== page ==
"I heard they got an atmosphere now,": Ah yes, this is an odd one.  Conventional wisdom has it that Mars has a very minimal atmosphere.  The composition is 95% carbon dioxide and 3% nitrogen, with traces of oxygen, argon, carbon monoxide and water.  Temperatures can range from -24°C at noon to -104°C at night, where water freezes at 0°C.  Of course water doesn't freeze at 0°C on Mars because the atmospheric pressure is 1/100th of Earth sea level atmospheric pressure.  At that temperature and pressure liquid water simultaneously freezes and sublimates into a gas.  So as humanity colonises the planets we set up a technology to liberate the oxygen stuck in iron oxide (rust) on the surface, as well as in carbon dioxide in the atmosphere.  Crash a few comets onto the Martian polar caps and you get more water and carbon dioxide.  The atmosphere thickens and retains heat more efficiently, until you get an Earthlike environment.
But in 'The Dying Days' it was revealed that Mars has a breathable atmosphere already.  Never mind that it makes no sense, but apparently the British were the first to explore Mars with the Mars Probe missions, but they covered up the information about the Martian atmosphere to prevent too much scandal about the numerous failures of their program.  Like when Mars Probe 6 encountered the plutonium-based Ambassadors and all but one (General Carrington) died of radiation sickness.  And when Carrington made Mars Probe 7 part of his vendetta against the Ambassadors and got his crew kidnapped and lots of other people on Earth killed.  ('The Ambassadors of Death')  Or when Mars Probe 13 made contact with the Ice Warriors and, to cover the whole thing up, one of the crewmembers was framed for brutally murdering the others.  Or when the Mars 97 manned mission was terminated by Ice Warriors with complicity from the plotters of a coup in the British Government.  ('The Dying Days'.)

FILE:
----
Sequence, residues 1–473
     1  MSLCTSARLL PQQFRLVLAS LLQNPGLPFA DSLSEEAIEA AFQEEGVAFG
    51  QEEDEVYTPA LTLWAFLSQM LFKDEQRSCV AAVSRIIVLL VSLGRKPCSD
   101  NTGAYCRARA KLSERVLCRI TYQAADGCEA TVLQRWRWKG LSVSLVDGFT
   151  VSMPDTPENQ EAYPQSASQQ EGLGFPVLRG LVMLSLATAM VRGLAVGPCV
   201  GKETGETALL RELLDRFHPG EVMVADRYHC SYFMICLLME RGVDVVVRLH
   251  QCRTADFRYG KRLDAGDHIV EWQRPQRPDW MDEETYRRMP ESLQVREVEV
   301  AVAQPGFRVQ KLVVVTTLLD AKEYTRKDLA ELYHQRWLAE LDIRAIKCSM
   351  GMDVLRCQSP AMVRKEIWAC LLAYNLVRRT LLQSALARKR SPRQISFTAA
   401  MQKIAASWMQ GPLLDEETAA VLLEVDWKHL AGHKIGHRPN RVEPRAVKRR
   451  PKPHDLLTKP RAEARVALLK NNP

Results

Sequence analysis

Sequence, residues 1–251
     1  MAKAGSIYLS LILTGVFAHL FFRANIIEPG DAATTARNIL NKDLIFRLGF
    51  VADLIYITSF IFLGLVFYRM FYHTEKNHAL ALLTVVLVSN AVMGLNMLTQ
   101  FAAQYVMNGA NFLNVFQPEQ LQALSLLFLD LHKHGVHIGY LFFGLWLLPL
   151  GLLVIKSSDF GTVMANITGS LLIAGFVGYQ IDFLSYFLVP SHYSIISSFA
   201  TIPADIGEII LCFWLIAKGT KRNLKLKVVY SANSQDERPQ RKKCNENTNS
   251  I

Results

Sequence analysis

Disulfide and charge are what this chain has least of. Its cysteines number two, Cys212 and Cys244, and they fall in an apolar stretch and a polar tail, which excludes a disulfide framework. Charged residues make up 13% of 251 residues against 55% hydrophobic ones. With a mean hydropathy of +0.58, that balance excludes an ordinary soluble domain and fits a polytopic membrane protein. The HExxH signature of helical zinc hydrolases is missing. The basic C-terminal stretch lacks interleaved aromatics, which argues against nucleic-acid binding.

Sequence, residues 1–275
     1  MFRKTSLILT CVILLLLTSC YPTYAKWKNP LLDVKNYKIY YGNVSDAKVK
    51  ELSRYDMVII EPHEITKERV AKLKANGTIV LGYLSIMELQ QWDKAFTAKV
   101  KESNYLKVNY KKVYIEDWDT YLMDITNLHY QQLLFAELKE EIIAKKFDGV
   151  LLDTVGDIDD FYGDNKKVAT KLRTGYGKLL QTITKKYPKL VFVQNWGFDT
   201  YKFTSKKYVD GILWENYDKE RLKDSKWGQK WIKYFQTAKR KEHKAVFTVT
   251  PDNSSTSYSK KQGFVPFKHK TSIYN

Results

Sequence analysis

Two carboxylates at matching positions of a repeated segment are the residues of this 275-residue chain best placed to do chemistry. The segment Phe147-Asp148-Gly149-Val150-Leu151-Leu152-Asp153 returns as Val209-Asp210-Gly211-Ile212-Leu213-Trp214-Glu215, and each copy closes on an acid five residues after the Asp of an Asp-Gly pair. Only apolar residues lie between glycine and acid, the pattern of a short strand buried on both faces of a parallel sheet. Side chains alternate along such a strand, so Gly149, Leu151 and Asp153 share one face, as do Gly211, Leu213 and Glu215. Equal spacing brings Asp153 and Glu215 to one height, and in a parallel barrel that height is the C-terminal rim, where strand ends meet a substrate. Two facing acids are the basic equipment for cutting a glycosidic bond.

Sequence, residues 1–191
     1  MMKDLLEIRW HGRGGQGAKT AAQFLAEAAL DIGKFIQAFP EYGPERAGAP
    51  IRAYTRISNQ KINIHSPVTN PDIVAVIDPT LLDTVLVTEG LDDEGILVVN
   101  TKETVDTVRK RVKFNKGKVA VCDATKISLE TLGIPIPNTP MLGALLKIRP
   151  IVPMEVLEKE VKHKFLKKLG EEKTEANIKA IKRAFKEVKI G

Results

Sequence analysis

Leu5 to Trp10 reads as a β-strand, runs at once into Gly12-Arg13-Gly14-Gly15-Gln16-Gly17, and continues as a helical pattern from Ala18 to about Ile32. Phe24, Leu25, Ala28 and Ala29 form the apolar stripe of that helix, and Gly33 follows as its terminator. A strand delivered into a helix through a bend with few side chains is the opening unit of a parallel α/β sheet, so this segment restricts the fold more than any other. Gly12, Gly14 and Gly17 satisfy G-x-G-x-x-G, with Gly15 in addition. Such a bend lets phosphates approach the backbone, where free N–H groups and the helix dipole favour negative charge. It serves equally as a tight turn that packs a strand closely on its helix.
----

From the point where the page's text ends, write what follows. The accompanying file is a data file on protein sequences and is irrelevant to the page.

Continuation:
I digress.  So the Brits covered up the real story on Mars.  MI6 used 00- agents to infiltrate NASA and jam the feeds to all the Mariner and Viking missions and alter the data being returned.  They also sabotaged the Soviet Phobos missions and the Russian Mars 96 mission, as well as NASA's Mars Observer mission.  Don't know what they had to do with the recent failure of Mars Polar Lander and Mars Climate Orbiter, though.
(Text submitted by Daria Sigma) No, the stuff about Mars' atmosphere being breathable was a load of cobblers that the Ice Warriors fed their human dupes as part of their big ol' plan. I can't remember if this was stated explicitly, but it was certainly heavily implied (otherwise there would have been little need for the different atmospheres in the Martians' environment, and they wouldn't need to Ares-form any part of Earth).  Could we have some confirmation of this?

caught the train to Riyadh during Ramadan: Capital of Saudi Arabia.  The 9th month of the Muslim year, Ramadan is a period during which all the faithful must fast between dawn and dusk. Observance of the fast is one of the five "pillars" of Islam. Because a lunar calendar is used, Ramadan falls at different times each year. It is sacred as the month in which the Qur'an was revealed to Mohammed.
London Bridge: Train station in Southwark that feeds down into Kent.  Bits of it show up again in 'Blood Heat'.
The train pulled into the station with great bursts of steam:  If it's a steam train, the Doctor must use it specially, or be a member of a Steam Age preservation society.

Adisham Station (European Heritage Trust: Dover Line): We see more of Adisham in 'The Dying Days', when the whole village is wiped out by an airborne Martian plague.   Adisham really exists - here it is.
"I named her after my great-grandmother...":  OK, so Alistair Gordon has an Sierra Leonian daughter named Kadiatu, whose great-grandson is Yembe, whose adopted and partly-genetic daughter is *the* Kadiatu.  Check p.181.  Chief Yembe of Rokoye village has a daughter, Mariatu, who has a relationship with the young lieutenant Lethbridge-Stewart while he serves in Sierra Leone some time before the colony becomes independent in 1961.  Her son is also a soldier, and her daughter is the historian Kadiatu Lethbridge-Stewart from the novelisation of 'Remembrance of the Daleks'.  Mariatu's grandson is General Yembe Lethbridge-Stewart, and genetic material from the Lethbridge-Stewarts were used in the genetic matrix of the ubersoldaten that included Kadiatu.  It's all a bit like One Hundred Years of Solitude...

gunshot sound of the carriage door closing: British train doors make large bangs when they close, and they all close in succession just before departure.  It's a cool noise.
"Kent," said the Doctor.  "The garden of England.": On his history program the other day Prince Edward made a joke about how Kent used to be the *guardian* of England, talking about Dover Castle.  Who first called it a garden?  'cos that whole quadrant of the country's pretty lush in summer.